Recently, Barbados TODAY reported on the frightening spectacle of terror on the streets of London where young black men were killing fellow young black men.
A few months later, the situation is no better and appears to have gotten worse. Until recently, the murders of young people were generally reported by the Press as stories of incidences in an almost ad hoc manner.
However, over the last weekend, a 17-year-old English girl was stabbed to death whilst sitting on a park bench in East London. This has triggered a national rather than a local outcry and has brought the issue of youth violent crime and murders fully into focus.
Police, politicians and other members of the community are frantically searching for answers and remedies but there is no clarity for a proposed and concerted action in how to deal with the matter that is a cancer in our society.
We have been reduced to the sad spectacle of the Prime Minister Mrs Theresa May and Metropolitan Police Commissioner Ms Cressida Dick arguing as to whether or not cuts in police funding is the main reason for the escalation in violent crime. The whole issue has become an epidemic which affects mainly London and its black population.
Police numbers since 2010 have been reduced from 140,000 to 117,000 as a result of measures taken by Mrs May whilst she was Home Secretary in charge of Police operations. Needless to say, Mrs May’s actions were thought to be sound policy by members of the conservative party who believed it was all part of an austerity programme designed to save the country’s economy. Mrs May does not accept the commissioner’s assertion that the reduction in the number of officers relates to the increase in crime that has grown to be a crisis.
Sadly, as the authorities continue to argue about the effects of bureaucratic decisions, no one has come up with a meaningful answer and one is reminded of the story of Nero fiddling whilst Rome burnt to the ground. Symptoms are discussed but no word about causes and remedies.
The effect of this violent crime is impacting on all of us as we worry about our children, grandchildren, nieces and nephews. We can never be comfortable as we can never be sure we will not be pulled into the stream of horror as many of the murders go without explanation. London is not a safe place for many.
The statistics paint a gruesome picture:
1. Over the past twelve months, 27 under 19’s have been stabbed to death.
2. There have been 285 knife killings in the UK (mostly in London). It’s the highest recorded number since 1945.
3. The number of those under the age of 17 who have been murdered has doubled since 2016.
4. Twenty people have been murdered in London in the first three months of this year (including a 14-year-old boy).
5. Black people have been involved in 62 per cent of homicides committed in London last year, either as victims or offenders. (The percentage is much higher when analysing homicides where under 25-year-olds were involved.)
6. In the year to September 2018, there were 110 knife crimes a day in the UK.
7. Among the weapons seized were a meat cleaver, a samurai sword and a machete.
8. There has been an increase of 53 per cent in the number of teenagers using knives for robberies, murders, rapes and sexual assaults between 2016 and 2018.
Every time there is a murder of a young person that appears not to be of the stereotype variety, i.e. gang/ drug related, victim lived in a tower block or some ghetto like dwelling or black-on-black, there is a national outcry and rightly so.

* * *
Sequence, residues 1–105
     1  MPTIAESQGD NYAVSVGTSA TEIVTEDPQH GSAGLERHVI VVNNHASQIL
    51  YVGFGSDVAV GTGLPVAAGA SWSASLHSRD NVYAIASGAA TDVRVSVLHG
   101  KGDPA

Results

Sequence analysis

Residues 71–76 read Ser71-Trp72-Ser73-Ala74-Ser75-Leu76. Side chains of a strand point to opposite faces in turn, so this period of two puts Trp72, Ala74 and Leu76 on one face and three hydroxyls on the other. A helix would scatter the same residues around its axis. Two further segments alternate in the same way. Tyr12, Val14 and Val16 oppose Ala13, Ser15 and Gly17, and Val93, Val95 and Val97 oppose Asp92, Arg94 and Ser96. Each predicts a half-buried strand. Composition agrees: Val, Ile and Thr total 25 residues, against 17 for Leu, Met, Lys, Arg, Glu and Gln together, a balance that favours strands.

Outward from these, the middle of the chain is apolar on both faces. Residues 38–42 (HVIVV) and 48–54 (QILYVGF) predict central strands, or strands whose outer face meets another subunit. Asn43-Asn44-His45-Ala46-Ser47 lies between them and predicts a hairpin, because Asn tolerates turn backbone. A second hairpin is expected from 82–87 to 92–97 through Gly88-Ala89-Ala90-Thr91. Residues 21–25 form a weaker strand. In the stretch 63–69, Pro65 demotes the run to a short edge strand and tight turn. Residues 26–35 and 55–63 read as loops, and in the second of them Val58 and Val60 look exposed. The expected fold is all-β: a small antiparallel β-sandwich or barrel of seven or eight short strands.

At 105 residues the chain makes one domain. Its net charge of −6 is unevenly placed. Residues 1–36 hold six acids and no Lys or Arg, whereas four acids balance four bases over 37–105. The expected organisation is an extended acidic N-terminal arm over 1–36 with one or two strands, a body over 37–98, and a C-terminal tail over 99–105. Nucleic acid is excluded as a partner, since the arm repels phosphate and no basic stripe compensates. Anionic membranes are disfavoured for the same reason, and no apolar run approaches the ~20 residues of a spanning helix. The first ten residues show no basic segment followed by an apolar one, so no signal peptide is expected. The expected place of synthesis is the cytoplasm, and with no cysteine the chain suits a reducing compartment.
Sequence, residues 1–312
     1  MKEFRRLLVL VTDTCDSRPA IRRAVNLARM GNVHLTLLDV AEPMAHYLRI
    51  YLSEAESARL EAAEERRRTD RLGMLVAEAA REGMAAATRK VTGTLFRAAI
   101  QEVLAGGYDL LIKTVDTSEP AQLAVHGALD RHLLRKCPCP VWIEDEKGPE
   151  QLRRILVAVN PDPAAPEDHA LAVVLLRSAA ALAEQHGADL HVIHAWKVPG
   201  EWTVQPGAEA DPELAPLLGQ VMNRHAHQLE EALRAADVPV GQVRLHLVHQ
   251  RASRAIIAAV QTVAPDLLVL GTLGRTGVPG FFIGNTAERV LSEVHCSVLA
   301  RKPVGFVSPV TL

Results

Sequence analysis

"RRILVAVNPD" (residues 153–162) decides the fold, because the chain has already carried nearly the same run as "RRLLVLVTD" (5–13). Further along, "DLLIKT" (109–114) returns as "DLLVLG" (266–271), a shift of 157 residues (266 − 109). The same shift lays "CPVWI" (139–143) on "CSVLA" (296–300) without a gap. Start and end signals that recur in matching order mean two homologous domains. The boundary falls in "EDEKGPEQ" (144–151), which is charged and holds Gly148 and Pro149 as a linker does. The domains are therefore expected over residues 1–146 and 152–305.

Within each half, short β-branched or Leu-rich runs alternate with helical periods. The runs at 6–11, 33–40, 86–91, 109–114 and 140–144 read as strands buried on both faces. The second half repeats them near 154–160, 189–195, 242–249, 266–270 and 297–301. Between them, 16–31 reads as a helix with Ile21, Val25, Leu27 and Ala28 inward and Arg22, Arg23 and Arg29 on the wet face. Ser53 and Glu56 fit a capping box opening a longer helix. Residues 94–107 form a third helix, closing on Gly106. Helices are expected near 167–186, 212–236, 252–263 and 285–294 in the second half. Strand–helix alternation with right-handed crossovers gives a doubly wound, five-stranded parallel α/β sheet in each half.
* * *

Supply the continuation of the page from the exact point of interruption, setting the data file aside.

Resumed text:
But what are the authorities doing to curb and eradicate the wanton violence that is perpetrated by young black men who live predominantly in inner London? Thousands of words have been spoken and written, promises have been made, money has been pledged but it all appears to be of no avail.
The will and commitment to tackle this problem appears sadly to be missing and the sooner the Home Secretary and others acknowledge that it will not go away on its own accord, the more likely we will resolve this matter.
The task forces, consultations and platitudes have not worked and do not look like they will ever work. Those in the midst of it all appear to put two fingers in the air to the authorities. A fresh template is sorely needed. This whole issue is getting into the minds of our society. Their fear is beginning to intrude on their daily and normal movement. Is it not worrying when a 40-year-old man can report that he now travels with a knife in fear of his being and for protection? Where will it all end if it is not wrestled to the ground soonest? And when elders refrain from speaking to or correcting younger people because they (elders) are afraid that the young men might be carrying knives, that truly is a major cause for concern.
We could be in danger of allowing the disregard and disrespect for law and order to go unchallenged. Surely, we cannot return to the days of Jesse James and his cohorts.
Perhaps in closing this chapter on the British scene we should analyse closely the words of Mrs May and decide if it is in her immediate ambition to cut this cancer at its roots. I quote in part: “There is no correlation between certain crimes and police numbers. What matters is how we ensure that police are responding to these criminal acts when they take place, that people are brought to justice.”
Forgive me, but I always thought that good and effective policing, first and foremost, is about the prevention of crime and not the reaction to it.
Vincent “Boo” Nurse is a Barbadian living in London who is a retired land Revenue Manager, Pensions and Investment Adviser. He is passionate about the development of his island home and Disapora.